IOM supports survivors of trafficking in Northern Ireland

IOM’s recent analysis of the data from the National Referral Mechanism (NRM) in Northern Ireland, the UK’s official system to identify and support potential victims of human trafficking and modern slavery, finds that the number of potential victims of human trafficking has increased steadily since 2015. The support provided to potential victims through the NRM, focuses on the initial recovery phase, after which people can face additional challenges in accessing other forms of support. employment is one of the most important factors favouring long term reintegration in society. While employment is one of the most important factors favouring long term reintegration. Employment is key, it can lead to financial independence, meaning, purpose, routine, stability in people’s lives, and the possibility of re-building an independent life.

At the moment there is limited help available for survivors to develop their skills and overcome the many employment barriers they face, such as language barriers, limited work experience, little training and qualifications, limited understanding of how the labour market works, low digital literacy, as well as low self-confidence, stress and anxiety about work. Many survivors also have refugee status or go on to achieve refugee status, particularly in Northern Ireland. Refugees in general are over 20% less likely to be in employment than the rest of the UK population.

This lack of access to education and employment can result in limited income, and limit opportunities to participate and contribute to society, hindering the possibility for survivors to re-integrate in society and putting them at risk of being re-exploited. In case of families, this can also translate into separation, for instance of children from parents.

The benefits of employment can be life-changing for the individual and their dependant, contributing to the creation of a healthier and more secure family environment for everyone to thrive in.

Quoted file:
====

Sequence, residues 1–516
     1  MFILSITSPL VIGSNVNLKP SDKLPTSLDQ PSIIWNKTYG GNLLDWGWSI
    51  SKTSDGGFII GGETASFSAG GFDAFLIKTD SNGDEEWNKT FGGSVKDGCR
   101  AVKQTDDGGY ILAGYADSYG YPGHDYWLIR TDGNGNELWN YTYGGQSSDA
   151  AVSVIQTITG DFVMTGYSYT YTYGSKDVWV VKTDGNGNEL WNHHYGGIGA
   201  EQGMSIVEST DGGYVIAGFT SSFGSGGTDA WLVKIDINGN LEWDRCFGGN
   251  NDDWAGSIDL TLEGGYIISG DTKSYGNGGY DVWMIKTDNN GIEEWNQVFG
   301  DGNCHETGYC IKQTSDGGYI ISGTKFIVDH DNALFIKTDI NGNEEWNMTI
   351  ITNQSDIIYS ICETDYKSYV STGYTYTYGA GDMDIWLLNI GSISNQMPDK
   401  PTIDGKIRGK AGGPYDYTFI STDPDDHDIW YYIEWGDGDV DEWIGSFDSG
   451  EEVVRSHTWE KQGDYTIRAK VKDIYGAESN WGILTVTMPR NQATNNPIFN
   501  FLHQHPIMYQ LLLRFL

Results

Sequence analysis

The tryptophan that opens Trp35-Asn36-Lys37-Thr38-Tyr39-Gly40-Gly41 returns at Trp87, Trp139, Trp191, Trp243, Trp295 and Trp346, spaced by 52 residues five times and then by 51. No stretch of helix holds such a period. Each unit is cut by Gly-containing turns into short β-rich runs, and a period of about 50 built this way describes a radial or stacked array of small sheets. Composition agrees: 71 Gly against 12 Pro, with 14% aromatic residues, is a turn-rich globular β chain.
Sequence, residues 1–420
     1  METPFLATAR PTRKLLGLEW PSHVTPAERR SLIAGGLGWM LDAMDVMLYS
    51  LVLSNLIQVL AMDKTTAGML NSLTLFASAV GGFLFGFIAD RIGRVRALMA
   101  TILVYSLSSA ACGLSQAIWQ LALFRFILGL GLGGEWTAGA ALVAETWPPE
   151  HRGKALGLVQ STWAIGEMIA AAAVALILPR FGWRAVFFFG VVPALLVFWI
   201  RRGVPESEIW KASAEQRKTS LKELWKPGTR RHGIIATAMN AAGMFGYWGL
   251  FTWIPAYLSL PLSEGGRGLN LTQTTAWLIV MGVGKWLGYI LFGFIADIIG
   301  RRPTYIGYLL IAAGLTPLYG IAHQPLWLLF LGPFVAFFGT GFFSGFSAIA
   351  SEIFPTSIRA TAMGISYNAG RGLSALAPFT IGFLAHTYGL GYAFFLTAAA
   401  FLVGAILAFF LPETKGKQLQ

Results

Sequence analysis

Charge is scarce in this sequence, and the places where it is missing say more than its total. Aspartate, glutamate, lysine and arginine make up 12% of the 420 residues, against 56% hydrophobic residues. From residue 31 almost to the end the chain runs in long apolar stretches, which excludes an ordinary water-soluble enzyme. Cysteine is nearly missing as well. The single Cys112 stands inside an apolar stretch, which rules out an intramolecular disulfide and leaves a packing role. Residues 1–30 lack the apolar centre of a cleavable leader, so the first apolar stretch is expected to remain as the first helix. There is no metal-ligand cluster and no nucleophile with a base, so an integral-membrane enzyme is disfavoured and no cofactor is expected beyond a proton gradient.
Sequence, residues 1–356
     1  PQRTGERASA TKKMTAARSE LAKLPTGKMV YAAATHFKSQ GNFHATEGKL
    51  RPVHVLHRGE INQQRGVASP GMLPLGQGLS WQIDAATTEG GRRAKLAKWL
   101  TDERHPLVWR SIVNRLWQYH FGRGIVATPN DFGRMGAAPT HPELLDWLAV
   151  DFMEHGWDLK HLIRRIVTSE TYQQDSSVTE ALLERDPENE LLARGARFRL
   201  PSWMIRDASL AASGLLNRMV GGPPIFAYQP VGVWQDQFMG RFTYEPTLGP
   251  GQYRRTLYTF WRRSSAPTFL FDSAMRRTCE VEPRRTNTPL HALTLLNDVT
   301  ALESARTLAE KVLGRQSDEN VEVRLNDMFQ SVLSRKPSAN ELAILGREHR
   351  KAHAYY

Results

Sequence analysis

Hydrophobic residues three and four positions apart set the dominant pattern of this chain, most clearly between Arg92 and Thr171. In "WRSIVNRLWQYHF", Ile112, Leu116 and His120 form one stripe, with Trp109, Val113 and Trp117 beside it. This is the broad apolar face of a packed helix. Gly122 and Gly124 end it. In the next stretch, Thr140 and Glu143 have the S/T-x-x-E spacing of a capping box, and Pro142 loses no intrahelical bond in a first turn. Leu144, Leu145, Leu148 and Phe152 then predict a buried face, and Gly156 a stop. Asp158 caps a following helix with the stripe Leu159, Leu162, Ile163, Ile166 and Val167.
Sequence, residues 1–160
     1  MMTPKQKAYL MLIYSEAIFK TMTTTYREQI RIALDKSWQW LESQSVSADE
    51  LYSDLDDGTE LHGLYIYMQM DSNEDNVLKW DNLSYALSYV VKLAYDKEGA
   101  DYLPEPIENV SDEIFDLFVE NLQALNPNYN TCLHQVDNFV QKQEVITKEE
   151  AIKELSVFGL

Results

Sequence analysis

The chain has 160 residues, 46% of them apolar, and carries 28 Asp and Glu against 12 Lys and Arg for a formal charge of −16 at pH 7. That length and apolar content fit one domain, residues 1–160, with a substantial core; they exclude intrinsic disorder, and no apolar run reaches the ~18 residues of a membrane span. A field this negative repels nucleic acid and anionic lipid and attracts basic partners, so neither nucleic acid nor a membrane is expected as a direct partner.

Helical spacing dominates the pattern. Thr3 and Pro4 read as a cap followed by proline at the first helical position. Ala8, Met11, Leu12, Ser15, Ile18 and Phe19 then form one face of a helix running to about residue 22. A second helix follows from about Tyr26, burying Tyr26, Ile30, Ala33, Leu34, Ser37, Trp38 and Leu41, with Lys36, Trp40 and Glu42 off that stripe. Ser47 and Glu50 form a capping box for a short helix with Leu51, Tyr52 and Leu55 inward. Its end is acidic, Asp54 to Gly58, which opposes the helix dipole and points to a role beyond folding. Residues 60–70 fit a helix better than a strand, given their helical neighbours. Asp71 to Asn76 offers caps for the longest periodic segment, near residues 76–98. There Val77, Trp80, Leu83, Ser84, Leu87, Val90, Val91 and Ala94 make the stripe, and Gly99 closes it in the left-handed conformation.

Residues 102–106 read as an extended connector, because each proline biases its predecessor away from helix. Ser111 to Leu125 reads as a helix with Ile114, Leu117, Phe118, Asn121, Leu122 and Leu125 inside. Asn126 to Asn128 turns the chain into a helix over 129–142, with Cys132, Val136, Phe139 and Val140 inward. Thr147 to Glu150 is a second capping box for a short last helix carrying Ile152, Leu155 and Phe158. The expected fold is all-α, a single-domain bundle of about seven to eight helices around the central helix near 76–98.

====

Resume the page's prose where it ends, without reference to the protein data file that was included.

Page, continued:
IOM advocates that labour market integration and employment support for survivors should be part of any comprehensive re-integration programme, and to improve employment opportunities for survivors of trafficking, IOM UK has recently expanded its Skills Training and Reintegration (STAR) to male survivors of trafficking in Northern Ireland, to assist survivors referred by Migrant Help on their journey to employment and integration in the UK.

From February 2024 it will provide a 12-week in-person training, running three times throughout the year. The programme will train around 30 participants and will include:

  • Three months of skills training, covering digital skills, life skills and employment skills.  
  • Personalised one-to-one support provided along the way, to help put the learning into practice and to apply the skills when identifying or applying for employment or education opportunities.

IOM takes a comprehensive approach to addressing Trafficking in Persons. Advocating for rights, and protecting the physical, mental and social well-being of individuals and their communities, and promoting sustainability through institutional capacity development and partnerships, are at the centre of all of the Organizations’ counter-trafficking efforts.

IOM UK’s STAR programme in Northern Ireland is funded by Migrant Help under the Northern Ireland Department of Justice contract for the provision of support services for potential adult victims of modern slavery and human trafficking.